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Most of the photos on this site were extracted from reference images (high-resolution tiffs, 20 to 200 megabytes in size) from the Library of Congress research archive. (To query the database click here.) Many were digitized by LOC contractors using a Sinar studio back. They are adjusted by your webmaster for contrast and color in Photoshop before being downsized and turned into the jpegs you see here.

 
 
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VINTAGRAPH • WPA • WWII • CARNIVAL OF THE ARTS, 1937

Suburban Dreams: Winter 1963

Suburban Dreams: Winter 1963

We moved into the new house at 85 Leabrook Lane, Princeton, NJ, on July 30, 1962. After we moved in a lawn was planted and the street paved. I watched with fascination as they completed both those tasks. You can also see the completed chimney and the electric line to the house. Being one of the first houses in a neighborhood gave me lots of chances to see and hear how homes were built, and lots of dirt piles to play in and house frames to use as my personal monkey bars. I am quite sure if any adults really knew what I did and where I climbed after the workmen went home they would have been horrified. But I never got any injury more serious than a splinter in all my shimmying up and down the wooden beams of the houses that came after ours. I am the eight-year-old girl in the winter coat. My mother is the adult closest to me and her sister next to her. My one-year-old brother's stroller is on the driveway. On the front step is a milk box; the man who delivered milk and eggs to it also left me a stick of Juicy Fruit gum every day. My father took the picture. View full size.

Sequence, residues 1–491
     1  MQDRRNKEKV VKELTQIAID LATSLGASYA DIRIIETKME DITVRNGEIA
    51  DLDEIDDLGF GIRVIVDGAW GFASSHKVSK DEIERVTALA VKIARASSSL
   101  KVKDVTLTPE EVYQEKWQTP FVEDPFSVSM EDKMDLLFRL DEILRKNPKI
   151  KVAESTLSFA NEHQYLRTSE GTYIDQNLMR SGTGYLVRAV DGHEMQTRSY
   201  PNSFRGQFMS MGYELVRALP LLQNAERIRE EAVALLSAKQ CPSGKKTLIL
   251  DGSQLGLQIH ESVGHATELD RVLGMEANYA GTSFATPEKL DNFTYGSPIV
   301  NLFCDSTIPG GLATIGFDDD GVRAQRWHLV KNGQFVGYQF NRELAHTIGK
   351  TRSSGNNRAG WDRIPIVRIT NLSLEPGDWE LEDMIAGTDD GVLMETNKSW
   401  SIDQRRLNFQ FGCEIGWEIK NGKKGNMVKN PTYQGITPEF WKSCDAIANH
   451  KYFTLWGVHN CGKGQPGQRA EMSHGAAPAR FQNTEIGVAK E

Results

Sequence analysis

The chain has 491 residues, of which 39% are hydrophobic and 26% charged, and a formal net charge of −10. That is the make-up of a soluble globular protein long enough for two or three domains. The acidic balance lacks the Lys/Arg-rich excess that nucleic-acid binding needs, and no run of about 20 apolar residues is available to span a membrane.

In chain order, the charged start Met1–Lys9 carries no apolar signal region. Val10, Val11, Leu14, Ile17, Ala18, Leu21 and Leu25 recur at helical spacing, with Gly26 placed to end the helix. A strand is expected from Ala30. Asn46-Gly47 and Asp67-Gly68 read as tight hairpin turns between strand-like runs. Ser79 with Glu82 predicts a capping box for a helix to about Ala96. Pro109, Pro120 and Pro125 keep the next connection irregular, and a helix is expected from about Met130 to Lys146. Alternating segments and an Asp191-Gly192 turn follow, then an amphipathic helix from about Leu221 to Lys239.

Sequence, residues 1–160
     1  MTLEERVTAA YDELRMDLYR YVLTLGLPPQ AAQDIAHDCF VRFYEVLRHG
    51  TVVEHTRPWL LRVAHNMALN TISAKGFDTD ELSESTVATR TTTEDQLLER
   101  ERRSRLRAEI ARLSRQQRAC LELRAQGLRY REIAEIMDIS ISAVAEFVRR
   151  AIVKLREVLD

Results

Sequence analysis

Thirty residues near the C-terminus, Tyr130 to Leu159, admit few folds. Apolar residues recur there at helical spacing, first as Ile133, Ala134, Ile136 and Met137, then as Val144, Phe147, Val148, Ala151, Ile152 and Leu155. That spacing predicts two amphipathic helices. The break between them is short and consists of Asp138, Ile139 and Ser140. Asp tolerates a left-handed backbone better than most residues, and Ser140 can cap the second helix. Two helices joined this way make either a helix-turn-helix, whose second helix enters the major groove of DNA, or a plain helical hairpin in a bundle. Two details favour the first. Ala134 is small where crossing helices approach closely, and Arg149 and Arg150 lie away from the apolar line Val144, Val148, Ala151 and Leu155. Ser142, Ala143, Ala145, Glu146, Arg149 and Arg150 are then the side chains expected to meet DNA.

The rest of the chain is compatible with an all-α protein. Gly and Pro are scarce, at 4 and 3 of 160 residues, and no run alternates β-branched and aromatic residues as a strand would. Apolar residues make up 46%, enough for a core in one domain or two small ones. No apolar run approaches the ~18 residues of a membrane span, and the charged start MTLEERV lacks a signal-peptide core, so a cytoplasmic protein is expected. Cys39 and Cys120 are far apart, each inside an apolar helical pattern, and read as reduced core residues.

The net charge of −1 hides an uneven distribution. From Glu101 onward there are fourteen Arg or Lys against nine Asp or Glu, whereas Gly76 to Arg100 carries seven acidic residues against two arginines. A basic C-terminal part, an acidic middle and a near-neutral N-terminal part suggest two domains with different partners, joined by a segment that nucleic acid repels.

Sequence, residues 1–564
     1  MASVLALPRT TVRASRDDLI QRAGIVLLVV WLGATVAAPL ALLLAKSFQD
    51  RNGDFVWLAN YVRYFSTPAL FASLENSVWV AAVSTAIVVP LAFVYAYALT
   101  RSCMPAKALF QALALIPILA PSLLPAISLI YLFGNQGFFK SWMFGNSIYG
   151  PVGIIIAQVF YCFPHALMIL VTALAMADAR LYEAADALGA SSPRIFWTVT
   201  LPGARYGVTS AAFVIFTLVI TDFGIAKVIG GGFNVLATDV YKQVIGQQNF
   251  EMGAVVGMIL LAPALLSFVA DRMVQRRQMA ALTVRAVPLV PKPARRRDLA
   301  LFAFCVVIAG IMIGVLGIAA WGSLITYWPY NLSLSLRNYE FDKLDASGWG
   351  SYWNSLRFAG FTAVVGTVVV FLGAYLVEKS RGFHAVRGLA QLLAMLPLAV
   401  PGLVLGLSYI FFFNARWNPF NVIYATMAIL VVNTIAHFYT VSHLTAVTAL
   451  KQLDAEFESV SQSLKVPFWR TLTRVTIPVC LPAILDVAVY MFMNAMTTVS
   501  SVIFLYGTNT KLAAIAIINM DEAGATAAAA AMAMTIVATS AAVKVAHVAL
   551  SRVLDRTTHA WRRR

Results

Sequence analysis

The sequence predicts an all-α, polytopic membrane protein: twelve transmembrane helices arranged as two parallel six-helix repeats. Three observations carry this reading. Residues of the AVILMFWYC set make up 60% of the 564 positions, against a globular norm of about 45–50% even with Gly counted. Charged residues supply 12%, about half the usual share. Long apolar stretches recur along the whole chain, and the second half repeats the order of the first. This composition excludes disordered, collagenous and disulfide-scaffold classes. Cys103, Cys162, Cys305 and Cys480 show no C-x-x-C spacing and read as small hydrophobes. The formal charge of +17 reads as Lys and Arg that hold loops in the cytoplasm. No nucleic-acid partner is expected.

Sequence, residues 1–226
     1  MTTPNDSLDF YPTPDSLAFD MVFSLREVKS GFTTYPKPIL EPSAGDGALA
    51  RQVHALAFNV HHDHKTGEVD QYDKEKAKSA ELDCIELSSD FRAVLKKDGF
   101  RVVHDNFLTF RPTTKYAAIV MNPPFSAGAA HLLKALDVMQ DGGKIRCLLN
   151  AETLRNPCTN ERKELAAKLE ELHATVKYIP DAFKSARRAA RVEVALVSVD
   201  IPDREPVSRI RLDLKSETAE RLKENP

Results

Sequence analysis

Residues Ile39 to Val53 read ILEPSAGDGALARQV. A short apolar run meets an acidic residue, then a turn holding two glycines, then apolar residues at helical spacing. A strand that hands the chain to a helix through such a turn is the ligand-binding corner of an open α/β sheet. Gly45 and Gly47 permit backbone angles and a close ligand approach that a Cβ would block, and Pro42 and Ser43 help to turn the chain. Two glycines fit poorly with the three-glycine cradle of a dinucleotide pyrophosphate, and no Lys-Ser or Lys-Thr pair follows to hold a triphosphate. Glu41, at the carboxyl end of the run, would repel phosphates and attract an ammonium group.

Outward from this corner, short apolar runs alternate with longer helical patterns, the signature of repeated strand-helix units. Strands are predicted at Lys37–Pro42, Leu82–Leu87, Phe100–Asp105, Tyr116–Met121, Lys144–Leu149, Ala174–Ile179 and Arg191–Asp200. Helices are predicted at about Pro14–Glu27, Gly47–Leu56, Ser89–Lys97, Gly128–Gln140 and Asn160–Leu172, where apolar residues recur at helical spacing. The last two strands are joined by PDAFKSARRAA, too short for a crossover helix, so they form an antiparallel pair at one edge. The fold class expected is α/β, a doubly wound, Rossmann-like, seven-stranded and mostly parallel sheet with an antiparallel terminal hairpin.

85 Leabrook Lane Today

No. We lived there the shortest time of any of our homes. We moved away in the summer of 1967. A few of the original home owners still lived on the street the last time I visited it in August 2012. Several others had stayed there for the rest of their lives, gotten old, and died. I believe that addition (which is another room beyond the original formal living room) was added in the 1990's.
The front steps are also entirely different. We had slate steps with fossils of ferns in them. They were gorgeous. People used to knock on the door and ask to buy our steps. I am guessing some later homeowner either took the fossils with them when they moved, or somebody finally sold the stones, because the front steps on the house now are entirely new. No fossils.

Added Onto

I looked on Google Streetview, and I see they've built a one-story addition on the right side. Does anyone from your family live there today?

 
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Shorpy.com | History in HD is a vintage photo blog featuring thousands of high-definition images from the 1850s to 1950s. The site is named after Shorpy Higginbotham, a teenage coal miner who lived 100 years ago.

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